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Caring for a Senior Dog

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As your dog gets older, it may require some special attention. This guide is about caring for a senior dog.


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By 23 found this helpful
May 22, 2009

Over the years, we have been blessed with many dogs that have achieved old age. As they did, their vision was often compromised because of cataracts or macular degeneration. When outside during daylight hours, we often observed them following the fence to guide themselves around the perimeter of the yard. However at night, the same task seemed more difficult for them and they often became confused.

We decided to place solar garden lights as markers to help guide them out to their potty area and back in again. Single solar lights followed the outline of the fence to the area they frequented to do their business. We then placed double lights (side-by-side in sets of two) to mark the path that would return them back to the house to come in. They quickly found their way at night by following the lighted paths!

The solar garden lights helped relieve their anxiety about navigating the fenced yard at night. The lights are found at most stores that sell garden equipment and push easily into the ground on a stake. They sure made a difference for our older sight impaired dogs!


By Judy Van Bourgondien from Eastern Shore of MD

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By 13 found this helpful
January 28, 2011

I have an elderly cat and dog that love warm spots to snuggle in. I had a couple of recycled stuffed bears that my grandchildren had outgrown (the kind with the zippered compartment for a battery box and removed the battery box and most of the stuffing in the body). I sewed a couple of bags filled with rice that would fit through the zippered opening.

Now, I put the rice bags in the microwave and heat them for a couple of minutes, then zip them into the zippered compartment of the bears. I place them in my dog and cat's pet beds and they love snuggling with their warm, furry "Lovie".

By slee15 from AL

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By 5 found this helpful
May 23, 2011

If you have smooth floor surfaces in your home, (no wax, laminates, glazed tile, hardwood) and an aging dog, please consider whether they would appreciate carpet runners to create safe pathways for them to get from place to place. Weakness, arthritis, and other infirmities that are a natural part of the aging process can make traveling across smooth floors uncomfortable or even frightening for dogs.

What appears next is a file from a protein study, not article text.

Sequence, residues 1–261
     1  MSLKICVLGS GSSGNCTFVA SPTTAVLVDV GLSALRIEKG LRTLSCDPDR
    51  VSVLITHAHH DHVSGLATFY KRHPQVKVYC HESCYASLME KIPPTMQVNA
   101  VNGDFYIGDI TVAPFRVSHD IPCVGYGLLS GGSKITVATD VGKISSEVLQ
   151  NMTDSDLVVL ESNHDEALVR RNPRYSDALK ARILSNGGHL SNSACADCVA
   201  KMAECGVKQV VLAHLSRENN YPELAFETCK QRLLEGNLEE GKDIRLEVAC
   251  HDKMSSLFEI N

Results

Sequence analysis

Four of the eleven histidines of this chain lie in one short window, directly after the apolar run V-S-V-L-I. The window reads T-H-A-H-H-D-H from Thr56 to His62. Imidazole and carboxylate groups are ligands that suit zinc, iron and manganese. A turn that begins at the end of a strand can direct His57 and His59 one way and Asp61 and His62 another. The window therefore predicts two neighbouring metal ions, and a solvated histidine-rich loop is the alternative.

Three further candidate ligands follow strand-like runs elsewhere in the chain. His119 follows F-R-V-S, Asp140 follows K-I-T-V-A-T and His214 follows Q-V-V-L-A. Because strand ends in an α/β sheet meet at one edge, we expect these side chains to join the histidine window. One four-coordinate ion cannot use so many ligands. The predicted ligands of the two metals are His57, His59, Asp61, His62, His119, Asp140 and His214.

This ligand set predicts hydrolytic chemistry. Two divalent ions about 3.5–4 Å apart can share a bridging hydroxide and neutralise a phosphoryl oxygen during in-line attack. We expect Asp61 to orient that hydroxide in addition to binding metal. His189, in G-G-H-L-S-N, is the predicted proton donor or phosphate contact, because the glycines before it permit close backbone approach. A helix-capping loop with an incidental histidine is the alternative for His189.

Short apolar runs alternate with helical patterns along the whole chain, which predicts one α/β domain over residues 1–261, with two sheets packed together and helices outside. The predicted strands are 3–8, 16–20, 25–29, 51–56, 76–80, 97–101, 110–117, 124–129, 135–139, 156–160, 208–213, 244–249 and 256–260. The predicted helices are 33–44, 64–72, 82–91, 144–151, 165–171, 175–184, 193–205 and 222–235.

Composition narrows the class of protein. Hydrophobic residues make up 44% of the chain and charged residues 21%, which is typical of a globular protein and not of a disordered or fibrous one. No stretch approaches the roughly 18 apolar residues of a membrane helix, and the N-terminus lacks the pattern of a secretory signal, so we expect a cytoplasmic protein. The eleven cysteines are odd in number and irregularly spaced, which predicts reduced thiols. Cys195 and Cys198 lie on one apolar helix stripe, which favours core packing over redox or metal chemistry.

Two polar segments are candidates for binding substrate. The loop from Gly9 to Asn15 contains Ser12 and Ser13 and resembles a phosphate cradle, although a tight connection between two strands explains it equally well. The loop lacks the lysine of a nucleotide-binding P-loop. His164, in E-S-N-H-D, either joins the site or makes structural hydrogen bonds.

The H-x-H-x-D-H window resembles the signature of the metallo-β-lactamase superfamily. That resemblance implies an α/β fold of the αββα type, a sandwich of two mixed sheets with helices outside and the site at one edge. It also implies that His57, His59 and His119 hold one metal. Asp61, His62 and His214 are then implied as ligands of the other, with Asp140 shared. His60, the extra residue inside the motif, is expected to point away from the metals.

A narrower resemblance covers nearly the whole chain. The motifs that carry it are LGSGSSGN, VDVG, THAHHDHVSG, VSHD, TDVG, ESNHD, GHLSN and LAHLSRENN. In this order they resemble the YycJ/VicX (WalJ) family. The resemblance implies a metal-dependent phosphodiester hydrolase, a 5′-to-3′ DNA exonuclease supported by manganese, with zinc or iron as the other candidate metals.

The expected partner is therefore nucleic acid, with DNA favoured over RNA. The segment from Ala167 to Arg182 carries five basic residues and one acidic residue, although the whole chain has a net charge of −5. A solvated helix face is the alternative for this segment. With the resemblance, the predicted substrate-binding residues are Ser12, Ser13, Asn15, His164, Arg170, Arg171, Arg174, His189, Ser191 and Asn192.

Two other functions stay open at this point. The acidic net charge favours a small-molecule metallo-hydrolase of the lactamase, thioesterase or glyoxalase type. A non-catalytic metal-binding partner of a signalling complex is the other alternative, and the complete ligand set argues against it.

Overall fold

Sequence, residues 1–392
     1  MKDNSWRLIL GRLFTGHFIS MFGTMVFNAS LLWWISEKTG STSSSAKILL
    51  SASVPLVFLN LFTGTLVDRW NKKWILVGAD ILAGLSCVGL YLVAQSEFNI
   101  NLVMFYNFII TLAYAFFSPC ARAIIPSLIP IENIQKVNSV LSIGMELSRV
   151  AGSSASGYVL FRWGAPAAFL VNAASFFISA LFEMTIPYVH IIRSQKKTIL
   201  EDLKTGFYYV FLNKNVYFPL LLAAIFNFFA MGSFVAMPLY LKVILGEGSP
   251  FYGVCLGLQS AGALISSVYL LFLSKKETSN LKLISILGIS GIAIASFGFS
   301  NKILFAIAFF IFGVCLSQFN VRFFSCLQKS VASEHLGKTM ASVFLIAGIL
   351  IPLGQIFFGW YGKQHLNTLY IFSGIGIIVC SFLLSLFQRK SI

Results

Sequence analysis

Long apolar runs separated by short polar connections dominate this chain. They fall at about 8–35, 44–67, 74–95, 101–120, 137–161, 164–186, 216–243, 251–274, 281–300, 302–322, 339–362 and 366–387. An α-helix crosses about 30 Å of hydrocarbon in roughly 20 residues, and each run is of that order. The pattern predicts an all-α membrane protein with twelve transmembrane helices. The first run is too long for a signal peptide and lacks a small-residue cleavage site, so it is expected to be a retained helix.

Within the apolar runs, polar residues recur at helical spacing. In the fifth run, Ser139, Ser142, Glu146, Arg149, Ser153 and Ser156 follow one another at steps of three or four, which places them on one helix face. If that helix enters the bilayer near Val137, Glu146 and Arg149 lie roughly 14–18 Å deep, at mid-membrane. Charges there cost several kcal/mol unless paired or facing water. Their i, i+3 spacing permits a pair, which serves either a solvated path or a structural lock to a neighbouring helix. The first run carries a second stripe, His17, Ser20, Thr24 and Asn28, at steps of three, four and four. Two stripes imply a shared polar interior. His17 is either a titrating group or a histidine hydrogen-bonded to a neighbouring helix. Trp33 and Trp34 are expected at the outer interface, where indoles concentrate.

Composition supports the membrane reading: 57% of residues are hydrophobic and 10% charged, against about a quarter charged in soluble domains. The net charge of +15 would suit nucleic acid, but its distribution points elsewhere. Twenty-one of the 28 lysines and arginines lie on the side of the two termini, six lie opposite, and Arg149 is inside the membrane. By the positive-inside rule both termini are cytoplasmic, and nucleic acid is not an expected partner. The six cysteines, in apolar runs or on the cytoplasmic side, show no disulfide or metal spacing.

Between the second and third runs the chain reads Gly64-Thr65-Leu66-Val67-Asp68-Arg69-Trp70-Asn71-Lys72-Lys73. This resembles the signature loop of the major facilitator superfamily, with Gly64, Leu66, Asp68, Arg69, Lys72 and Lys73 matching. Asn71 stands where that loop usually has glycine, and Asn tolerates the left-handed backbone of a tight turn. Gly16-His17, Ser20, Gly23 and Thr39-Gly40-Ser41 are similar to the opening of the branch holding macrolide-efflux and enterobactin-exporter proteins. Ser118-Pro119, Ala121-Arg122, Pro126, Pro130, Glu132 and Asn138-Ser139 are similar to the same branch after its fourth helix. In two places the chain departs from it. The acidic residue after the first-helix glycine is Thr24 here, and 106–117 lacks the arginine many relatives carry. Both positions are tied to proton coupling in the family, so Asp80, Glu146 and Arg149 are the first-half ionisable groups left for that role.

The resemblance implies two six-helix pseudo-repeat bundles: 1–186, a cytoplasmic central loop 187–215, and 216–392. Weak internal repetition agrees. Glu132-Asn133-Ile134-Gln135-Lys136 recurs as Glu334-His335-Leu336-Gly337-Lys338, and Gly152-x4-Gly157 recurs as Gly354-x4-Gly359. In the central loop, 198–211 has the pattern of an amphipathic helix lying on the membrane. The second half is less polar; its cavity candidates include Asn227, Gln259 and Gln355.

This also goes for dogs with knee problems, hip dysplasia, and other joint issues or weaknesses.

Carpet runners with a rubberized backing are best, as they won't slip. Try one, and see how your dog reacts. Chances are, he or she will love it!

By Jill from PA

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By 4 found this helpful
January 5, 2012

Aging dogs need some special considerations to keep them happy and comfortable. These are just a few tips that I have found helped improve the quality of life for my aging pets.

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March 30, 20180 found this helpful

As a dog gets older you will undoubtedly find that their diet may need to change. This is a guide about feeding an elderly dog.


Tooth loss and other medical issues make softer foods, such as canned pet food, or homemade meals a great option.

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Ask a QuestionHere are the questions asked by community members. Read on to see the answers provided by the ThriftyFun community or ask a new question.

By 0 found this helpful
November 26, 2017

I have a 10 year old Cocker Spaniel. She hasn't had a solid bowel movement in a week. I would like to make sure that she is receiving the correct diet.


Can any one help me with what is the appropriate food she should receive?


November 26, 20170 found this helpful
Best Answer